A bit of a mouthful we know, but the Town and Manor of Hungerford and Liberty of Sanden Fee, or the Town and Manor as we call it for short, is a charity (formed in 1908) that protects the beautiful countryside, and a wonderful ancient set of rights, for the Commoners and people of Hungerford.
The Town and Manor of Hungerford and Liberty of Sanden Fee?
John O’Gaunt, fourth son of Edward III, and a major benefactor of Hungerford
It probably all started in the 13th Century (we can’t be 100% sure), building on the Right to hold Markets and Fairs, and the Assize of Bread and Ale, granted to the good people of Hungerford during the reign of King Henry III (1216-1272).
These rights were confirmed during the reigns of King Edward I (1272-1307) and Edward III (1327-1377), with the addition of Grazing Rights on the Royal Estate land around the town. Fishing Rights were added by John O’Gaunt (originally known as John of Gaunt), the fourth son of Edward III; a generous act that made him the adopted son of the town to this day.
Protecting and preserving
The modern estate managed by the Trustees comprises 423 acres (171 hectares) of land of which 75 hectares are designated as Sites of Special Scientific Interest (SSSI), including Hungerford Common, Freeman’s Marsh Hungerford Marsh Nature Reserve, The Croft, the Recreation Ground and War Memorial at Bulpit Lane, the Town Hall & Corn Exchange, the John O’Gaunt Inn and the Water Keeper’s House behind it. The latest acquisition is 40 hectares off of Charnham Park Road, which it is hoped will become, once planning is granted, the Kennet Valley Wetland Reserve. In addition we own 5 miles of rivers and chalk streams which are operated as a fishery. The fishery is where the majority of the income comes from. Hungerford Common is also home to the Cricket and Football Clubs, and the Second World War Memorial Ground dedicated to the memory of the 38 men of Hungerford who lost their lives.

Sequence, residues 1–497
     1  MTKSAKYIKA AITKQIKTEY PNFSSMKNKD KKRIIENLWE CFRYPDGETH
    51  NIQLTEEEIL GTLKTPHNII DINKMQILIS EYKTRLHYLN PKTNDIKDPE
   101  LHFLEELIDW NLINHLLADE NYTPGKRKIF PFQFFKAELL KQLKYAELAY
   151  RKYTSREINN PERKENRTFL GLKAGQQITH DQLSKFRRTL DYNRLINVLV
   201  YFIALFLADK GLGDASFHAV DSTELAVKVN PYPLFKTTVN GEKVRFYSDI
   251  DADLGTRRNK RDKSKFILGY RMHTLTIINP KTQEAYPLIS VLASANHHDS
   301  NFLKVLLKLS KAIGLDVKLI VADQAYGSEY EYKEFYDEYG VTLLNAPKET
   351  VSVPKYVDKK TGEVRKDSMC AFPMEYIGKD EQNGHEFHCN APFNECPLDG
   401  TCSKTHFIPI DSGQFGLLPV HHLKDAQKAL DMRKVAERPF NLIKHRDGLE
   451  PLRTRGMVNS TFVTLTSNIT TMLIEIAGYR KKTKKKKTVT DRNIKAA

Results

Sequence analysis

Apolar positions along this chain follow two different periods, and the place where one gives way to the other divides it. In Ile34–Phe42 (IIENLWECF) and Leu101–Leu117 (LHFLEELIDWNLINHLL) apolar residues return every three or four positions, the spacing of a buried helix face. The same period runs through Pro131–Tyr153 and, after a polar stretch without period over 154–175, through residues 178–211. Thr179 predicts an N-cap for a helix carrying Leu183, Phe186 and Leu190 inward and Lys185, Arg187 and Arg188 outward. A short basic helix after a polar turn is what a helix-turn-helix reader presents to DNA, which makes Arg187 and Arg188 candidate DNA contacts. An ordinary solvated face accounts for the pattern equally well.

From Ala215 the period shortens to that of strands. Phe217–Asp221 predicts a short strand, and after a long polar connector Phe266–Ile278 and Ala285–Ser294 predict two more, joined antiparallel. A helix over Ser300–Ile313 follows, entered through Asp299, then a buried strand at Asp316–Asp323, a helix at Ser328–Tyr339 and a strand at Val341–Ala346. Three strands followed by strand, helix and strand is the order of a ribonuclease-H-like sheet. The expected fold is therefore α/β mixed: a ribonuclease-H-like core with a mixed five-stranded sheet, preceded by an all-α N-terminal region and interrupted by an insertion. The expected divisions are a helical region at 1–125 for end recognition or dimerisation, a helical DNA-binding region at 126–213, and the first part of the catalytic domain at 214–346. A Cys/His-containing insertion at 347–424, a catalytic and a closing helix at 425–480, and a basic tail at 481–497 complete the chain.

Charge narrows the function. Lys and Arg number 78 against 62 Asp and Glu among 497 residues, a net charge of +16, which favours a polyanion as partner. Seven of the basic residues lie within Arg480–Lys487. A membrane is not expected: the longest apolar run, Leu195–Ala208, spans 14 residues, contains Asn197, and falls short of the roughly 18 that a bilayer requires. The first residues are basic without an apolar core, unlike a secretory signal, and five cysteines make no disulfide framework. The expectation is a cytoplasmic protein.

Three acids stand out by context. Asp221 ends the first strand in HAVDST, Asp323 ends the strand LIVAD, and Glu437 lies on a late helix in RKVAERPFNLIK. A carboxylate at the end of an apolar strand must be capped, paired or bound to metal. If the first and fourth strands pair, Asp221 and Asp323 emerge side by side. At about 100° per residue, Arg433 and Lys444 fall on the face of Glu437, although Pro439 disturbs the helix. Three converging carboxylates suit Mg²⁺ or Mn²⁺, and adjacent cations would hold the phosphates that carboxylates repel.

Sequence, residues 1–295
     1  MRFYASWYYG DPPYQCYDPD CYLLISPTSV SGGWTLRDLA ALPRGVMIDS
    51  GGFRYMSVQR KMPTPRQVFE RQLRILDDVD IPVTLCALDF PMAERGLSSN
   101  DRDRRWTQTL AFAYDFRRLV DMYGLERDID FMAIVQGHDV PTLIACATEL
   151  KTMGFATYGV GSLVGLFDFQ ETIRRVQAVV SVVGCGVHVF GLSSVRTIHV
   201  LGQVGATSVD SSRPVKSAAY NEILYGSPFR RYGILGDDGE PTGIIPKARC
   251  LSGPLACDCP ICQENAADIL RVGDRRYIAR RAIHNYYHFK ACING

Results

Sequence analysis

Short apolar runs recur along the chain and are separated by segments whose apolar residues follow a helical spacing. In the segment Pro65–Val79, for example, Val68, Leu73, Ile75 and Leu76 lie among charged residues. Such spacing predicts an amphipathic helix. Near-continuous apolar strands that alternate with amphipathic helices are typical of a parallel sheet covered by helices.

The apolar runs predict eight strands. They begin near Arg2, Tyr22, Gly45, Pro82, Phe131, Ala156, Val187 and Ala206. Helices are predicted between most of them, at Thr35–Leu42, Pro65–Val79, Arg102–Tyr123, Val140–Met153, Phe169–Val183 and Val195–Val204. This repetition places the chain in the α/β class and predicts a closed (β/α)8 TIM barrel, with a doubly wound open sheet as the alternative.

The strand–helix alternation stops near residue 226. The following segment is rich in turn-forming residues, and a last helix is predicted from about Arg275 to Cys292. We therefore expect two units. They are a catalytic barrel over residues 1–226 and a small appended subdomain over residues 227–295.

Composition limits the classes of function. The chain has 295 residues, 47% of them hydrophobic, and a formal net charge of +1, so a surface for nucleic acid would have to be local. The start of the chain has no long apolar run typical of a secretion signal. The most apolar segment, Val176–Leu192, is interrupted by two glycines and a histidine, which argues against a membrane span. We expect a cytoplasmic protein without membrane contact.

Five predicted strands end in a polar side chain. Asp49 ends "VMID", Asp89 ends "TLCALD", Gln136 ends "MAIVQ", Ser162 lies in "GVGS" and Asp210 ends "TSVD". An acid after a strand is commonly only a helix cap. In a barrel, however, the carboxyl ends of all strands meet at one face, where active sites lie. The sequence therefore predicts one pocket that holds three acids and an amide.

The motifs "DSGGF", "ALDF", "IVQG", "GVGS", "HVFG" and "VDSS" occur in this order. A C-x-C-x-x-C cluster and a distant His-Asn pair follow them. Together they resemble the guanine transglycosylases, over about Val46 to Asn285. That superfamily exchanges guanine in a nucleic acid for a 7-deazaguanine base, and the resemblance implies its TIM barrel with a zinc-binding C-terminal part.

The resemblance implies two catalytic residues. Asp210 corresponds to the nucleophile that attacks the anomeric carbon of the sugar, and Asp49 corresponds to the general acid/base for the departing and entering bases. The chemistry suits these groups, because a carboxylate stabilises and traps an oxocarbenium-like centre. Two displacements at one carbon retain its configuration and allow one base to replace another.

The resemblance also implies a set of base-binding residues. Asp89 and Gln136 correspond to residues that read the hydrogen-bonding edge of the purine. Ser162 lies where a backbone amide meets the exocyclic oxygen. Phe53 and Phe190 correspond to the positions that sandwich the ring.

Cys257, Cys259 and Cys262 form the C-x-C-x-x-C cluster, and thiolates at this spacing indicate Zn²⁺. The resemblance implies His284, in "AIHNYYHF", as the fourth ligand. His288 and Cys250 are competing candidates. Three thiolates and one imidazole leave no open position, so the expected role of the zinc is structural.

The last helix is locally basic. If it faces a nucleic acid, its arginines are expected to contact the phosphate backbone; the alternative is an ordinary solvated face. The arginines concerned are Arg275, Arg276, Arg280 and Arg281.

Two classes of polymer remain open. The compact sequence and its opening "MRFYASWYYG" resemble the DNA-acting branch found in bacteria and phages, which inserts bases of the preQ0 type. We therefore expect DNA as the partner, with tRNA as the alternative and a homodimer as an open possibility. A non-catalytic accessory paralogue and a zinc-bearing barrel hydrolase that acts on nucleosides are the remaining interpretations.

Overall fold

Commoners have the right to fish, graze cattle, shoot and collect watercress within the seasons
These ancient rights were attached to houses where the inhabitants lived and carried out their trades. While the original houses have long since gone, the rights remain with the houses that have taken their place, and may be exercised by one person, known as a Commoner, who lives or works in the property.
Is the Town and Manor also the Town Council?
In a word, no. The Town and Manor is a charity and not part of the generally understood local authority network. It benefits the whole community by providing the Town Hall and Corn Exchange complex, and the areas and facilities mentioned above, at no cost to local tax payers, aside from booking charges.
Who runs the Town and Manor?
The Town and Manor charity is managed by elected Trustees, who report to the Constable.
A time for celebrating, ale tasting and Tutti folk
The ancient celebration of Hocktide is the most important day in the life of the Town and Manor and takes place annually on the second Tuesday after Easter.